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The hybrid striped bass, or “wiper,” is an artificial cross between a striped bass (Morone saxatilis) and a white bass (Morone chrysops). Hybridization of these two species does not occur naturally. Therefore, hybrid striped bass must be cultured in a fish hatchery situation. Like its parents, the hybrid frequents the open water portions of a lake, feeding almost exclusively on gizzard shad or other pelagic fishes. Hybrids are more tolerant of warmer water and lower dissolved oxygen than striped bass. For these reasons, they can be stocked into a wider variety of waters than striped bass. Indiana's hybrid striped bass stocking program began in an effort to help utilized overabundant shad populations and to create additional fishing opportunities in many of the state's reservoirs.
The hybrid striped bass appearance is a mixture of white bass and striped bass characteristics. Hybrid have a steamlined body with a bluish-black back, silver sides and a white belly. The horizontal lines are usually broken, often forming a “W” pattern above the lateral line. Like striped bass, hybrids have two parallel tooth patches on the center of their tongue. White bass have just one. Hybrids usually weigh 5 to 10 pounds but can be as large as 20 pounds.
Indiana’s hybrid striped bass stocking program began in 1983. Since then, hybrids have been stocked into nine impoundments throughout the state. Successful populations were established at six of those lakes totaling 19,548 acres. These include Lake Freeman, Lake Shafer, and Mississenewa Reservoir in northern Indiana, Eagle Creek Reservoir and Cagle’s Mill Reservoir in central Indiana, and Monroe Reservoir in Southern Indiana. In addition, hybrid striped bass populations have been established in the Tippecanoe River with fish emigrating from Freeman and Shafer lakes. Hybrid have also been reported in the White, Wabash and Ohio rivers and several of their tributaries.
Hybrid striped bass, like many hybrids, experience great difficulty reproducing naturally. Eggs and sperm produced by hybrids are usually weak or improperly formed. The same is true of any fry that might be produced by chance fertilization. For this reason, hybrids are considered “functionally sterile,” and their populations are totally dependant on repeated stockings. Fish hatcheries in Texas have supplied a majority of Indiana's hybrid striped bass since the stocking program began in 1983. East Fork State Fish Hatchery, located near Washington, Indiana, began producing hybrids from striped bass and white bass collected from in-state fish in 1986. East Fork now provides most of the hybrids used in Indiana.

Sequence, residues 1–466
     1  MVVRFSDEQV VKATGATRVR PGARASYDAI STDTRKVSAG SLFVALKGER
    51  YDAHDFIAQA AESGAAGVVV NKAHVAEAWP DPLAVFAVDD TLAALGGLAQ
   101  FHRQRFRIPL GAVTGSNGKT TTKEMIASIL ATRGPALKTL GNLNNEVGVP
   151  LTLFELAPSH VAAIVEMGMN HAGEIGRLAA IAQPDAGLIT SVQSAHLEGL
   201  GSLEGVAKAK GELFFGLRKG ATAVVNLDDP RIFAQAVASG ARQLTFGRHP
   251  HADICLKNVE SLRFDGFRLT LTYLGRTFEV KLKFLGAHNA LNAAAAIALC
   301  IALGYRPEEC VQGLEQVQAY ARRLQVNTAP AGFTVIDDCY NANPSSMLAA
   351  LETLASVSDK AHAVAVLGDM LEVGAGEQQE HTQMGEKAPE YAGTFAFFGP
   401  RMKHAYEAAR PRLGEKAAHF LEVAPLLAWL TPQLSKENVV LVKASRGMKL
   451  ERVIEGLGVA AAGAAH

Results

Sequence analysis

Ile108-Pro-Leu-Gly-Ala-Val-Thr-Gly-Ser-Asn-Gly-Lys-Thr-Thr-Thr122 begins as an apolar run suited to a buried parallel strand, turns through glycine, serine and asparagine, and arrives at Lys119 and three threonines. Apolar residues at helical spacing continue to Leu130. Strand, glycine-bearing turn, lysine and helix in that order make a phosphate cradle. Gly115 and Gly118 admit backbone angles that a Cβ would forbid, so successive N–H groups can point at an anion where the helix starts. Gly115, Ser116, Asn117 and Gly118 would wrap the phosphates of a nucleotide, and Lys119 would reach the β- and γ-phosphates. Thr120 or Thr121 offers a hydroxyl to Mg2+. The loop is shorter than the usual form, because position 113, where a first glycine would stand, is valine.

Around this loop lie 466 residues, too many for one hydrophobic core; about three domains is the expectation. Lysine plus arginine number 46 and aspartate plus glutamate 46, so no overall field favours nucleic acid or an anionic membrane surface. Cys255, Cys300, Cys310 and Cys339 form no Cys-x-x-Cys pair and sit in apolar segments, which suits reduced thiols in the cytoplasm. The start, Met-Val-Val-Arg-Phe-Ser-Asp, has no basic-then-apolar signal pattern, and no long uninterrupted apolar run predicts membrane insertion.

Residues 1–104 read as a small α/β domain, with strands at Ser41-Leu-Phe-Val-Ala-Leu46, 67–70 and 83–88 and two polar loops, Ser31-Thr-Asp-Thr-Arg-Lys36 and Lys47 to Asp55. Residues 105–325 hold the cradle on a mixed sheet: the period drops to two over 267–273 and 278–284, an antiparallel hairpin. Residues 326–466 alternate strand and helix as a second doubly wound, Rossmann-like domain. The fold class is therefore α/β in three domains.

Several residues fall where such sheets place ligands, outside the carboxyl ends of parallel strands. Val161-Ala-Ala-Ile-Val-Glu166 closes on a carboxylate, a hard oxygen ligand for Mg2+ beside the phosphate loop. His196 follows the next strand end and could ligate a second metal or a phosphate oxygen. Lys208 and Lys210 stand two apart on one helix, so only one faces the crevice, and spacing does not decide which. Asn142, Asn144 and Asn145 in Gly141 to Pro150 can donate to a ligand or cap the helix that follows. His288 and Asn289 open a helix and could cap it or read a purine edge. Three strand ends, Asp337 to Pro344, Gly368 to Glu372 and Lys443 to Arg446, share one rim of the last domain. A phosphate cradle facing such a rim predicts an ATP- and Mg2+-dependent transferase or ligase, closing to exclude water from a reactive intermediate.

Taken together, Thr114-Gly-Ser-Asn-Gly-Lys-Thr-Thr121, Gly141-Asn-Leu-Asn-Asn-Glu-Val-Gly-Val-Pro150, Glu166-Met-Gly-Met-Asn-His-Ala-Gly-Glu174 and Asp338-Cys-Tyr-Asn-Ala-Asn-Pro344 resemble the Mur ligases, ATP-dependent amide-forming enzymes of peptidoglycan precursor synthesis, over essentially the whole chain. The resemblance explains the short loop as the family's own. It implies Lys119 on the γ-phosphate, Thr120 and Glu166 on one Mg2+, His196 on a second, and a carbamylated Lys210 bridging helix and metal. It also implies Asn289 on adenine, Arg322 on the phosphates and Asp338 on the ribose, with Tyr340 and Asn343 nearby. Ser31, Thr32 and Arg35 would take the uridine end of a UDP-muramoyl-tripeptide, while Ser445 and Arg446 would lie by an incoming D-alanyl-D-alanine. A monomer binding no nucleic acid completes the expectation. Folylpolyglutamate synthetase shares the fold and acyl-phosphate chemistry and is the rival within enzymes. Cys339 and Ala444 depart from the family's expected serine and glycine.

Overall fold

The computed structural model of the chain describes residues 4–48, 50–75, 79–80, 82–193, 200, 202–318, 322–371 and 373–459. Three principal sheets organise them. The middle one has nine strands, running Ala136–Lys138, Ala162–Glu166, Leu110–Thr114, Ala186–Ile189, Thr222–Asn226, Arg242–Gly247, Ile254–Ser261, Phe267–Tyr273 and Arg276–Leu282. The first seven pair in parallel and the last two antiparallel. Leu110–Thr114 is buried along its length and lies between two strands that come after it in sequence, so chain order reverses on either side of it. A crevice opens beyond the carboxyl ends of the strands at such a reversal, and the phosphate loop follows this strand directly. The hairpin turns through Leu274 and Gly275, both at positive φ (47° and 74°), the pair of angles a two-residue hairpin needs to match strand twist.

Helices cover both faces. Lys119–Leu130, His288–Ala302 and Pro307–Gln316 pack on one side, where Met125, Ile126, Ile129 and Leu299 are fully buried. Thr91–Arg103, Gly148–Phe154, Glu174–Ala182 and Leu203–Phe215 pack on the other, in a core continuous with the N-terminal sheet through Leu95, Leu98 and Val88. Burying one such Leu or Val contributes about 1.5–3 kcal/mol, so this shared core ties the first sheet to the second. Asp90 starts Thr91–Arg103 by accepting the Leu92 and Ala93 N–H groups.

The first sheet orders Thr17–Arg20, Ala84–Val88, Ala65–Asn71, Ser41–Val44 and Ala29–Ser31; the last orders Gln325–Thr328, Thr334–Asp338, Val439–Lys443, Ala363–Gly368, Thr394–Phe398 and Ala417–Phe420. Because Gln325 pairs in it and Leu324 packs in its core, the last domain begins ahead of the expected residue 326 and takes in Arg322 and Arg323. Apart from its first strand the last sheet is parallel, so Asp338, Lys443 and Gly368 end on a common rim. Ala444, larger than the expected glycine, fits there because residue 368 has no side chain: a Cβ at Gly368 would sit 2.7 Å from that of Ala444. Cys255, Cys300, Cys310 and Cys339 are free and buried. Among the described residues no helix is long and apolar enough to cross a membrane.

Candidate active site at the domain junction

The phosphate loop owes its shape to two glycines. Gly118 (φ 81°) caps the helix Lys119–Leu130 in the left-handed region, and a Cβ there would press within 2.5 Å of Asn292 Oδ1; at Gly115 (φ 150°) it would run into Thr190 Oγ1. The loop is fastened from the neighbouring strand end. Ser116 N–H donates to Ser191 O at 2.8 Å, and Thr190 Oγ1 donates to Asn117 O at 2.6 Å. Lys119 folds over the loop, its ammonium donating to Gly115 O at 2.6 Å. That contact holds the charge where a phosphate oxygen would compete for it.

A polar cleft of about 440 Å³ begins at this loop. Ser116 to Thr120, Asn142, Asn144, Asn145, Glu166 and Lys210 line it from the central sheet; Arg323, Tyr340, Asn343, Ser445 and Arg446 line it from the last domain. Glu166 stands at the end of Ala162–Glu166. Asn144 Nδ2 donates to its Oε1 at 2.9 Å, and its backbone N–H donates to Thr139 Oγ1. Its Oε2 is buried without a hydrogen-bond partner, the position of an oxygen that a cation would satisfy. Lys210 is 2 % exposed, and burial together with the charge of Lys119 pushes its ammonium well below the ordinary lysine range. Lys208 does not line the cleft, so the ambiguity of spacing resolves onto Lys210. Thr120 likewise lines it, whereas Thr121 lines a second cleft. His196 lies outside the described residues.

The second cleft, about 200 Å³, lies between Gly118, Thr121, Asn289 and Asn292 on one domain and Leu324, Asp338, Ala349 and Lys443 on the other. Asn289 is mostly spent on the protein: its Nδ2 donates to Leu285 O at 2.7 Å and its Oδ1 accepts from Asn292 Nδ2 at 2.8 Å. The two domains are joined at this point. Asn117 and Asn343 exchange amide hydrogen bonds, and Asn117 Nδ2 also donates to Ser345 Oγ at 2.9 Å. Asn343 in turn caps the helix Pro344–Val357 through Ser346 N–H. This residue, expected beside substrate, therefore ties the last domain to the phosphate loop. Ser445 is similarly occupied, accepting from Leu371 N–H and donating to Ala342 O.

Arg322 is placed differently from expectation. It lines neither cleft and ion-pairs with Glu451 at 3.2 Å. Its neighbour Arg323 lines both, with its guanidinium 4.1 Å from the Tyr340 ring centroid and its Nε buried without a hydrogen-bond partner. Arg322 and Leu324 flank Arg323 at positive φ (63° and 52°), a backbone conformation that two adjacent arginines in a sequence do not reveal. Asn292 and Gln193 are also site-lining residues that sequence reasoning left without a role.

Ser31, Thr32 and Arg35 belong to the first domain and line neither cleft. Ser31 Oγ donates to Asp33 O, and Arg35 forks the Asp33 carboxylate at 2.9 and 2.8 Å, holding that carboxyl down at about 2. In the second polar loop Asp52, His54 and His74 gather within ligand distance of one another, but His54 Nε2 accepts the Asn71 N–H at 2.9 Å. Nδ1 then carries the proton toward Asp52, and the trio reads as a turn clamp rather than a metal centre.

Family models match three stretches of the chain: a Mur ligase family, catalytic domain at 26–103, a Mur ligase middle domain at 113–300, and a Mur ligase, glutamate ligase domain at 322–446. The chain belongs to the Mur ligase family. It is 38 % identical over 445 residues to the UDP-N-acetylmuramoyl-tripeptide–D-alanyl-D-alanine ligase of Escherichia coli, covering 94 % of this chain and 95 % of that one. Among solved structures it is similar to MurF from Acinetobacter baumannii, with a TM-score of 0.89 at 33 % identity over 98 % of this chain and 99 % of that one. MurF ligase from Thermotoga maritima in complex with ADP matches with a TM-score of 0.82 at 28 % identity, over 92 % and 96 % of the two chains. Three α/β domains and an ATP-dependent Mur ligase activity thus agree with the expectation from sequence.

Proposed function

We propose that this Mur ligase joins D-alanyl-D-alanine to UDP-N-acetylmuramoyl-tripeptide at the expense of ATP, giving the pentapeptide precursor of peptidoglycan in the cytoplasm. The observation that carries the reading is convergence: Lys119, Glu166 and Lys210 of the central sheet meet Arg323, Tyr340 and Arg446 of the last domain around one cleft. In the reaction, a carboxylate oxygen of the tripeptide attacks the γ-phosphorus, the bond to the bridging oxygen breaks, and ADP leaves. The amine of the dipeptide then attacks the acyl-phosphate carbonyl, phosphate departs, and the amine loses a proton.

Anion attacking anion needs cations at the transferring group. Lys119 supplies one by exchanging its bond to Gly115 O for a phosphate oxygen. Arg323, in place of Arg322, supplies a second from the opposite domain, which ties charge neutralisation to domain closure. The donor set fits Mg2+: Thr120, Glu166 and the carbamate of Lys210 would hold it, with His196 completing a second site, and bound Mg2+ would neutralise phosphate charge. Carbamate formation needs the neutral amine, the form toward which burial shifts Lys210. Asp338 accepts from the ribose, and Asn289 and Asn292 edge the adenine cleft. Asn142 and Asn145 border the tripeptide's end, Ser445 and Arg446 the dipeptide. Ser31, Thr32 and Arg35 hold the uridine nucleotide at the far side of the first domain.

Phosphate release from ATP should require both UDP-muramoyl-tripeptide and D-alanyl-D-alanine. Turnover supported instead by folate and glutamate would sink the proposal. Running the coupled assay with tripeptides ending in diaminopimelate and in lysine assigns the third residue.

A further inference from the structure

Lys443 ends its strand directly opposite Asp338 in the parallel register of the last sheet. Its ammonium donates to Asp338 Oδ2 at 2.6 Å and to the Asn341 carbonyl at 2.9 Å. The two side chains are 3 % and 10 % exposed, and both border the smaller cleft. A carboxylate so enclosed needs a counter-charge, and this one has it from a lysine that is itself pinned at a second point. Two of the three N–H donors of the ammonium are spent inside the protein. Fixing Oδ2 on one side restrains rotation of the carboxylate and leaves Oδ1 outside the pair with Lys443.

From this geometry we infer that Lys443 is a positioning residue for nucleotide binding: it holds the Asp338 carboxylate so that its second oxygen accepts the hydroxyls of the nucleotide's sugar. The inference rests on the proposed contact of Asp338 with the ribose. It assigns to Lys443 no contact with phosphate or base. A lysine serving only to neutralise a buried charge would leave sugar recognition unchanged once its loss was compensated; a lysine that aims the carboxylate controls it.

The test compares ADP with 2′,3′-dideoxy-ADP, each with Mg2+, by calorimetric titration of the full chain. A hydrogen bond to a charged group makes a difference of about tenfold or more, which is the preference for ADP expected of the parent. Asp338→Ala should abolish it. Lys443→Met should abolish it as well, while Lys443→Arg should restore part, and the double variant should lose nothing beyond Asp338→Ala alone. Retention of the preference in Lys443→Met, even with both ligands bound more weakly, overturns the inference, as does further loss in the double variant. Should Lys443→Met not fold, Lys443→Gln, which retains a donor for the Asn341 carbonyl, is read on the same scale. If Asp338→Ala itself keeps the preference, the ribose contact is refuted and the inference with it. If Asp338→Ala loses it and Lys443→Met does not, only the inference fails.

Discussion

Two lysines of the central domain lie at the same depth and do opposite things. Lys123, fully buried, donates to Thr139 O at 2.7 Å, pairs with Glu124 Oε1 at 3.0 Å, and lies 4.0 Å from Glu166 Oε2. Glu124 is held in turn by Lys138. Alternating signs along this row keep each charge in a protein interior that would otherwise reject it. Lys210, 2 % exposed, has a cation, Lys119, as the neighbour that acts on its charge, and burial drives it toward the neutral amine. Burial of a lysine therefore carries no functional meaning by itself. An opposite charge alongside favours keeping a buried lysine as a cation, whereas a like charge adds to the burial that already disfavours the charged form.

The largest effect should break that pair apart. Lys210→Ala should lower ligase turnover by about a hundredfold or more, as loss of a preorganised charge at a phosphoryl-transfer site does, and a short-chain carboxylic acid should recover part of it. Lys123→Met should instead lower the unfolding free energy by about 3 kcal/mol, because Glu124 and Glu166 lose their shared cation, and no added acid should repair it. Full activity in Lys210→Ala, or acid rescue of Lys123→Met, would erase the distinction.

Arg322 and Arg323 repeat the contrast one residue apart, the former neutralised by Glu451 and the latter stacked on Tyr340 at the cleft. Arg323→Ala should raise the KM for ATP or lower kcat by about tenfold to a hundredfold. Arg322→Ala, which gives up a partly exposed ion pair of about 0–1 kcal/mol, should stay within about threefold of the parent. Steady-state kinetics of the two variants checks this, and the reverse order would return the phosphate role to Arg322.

Hybrids may be found in a variety of habitats. In some lakes they may prefer fairly flat, shallow, sandy areas. In other lakes, typically the larger reservoirs, they may prefer the more rocky habitats located directly above or below the dams. Best fishing for hybrid striped bass occurs just after sundown or in the early morning just before sunrise. They are caught primarily on artificial baits which resemble gizzard shad. Imitation shad that rattle have proven to be successful at many lakes. In addition, many anglers have been successful using live bait such as night crawlers or soft craws.
Hybrid striped bass have been included with white bass under a combined daily catch limit of 12 fish, single or in aggregate. No more than two of these fish may exceed 17 inches in length. The reason for the combined bag limit is that white bass, when small, are very prolific fish which seldom exceed 17 inches in length and are found in a number of Indiana reservoirs. A small catch limit would unnecessarily restrict harvest of these fish and be unfair to white bass anglers. However, fish larger than 17 inches are probably hybrid striped bass, so harvest of this size fish is limited to two per day. Biologists feel that the combined regulation will allow harvest of white bass and small hybrid stripers, while promoting the trophy fishing concept for larger hybrids.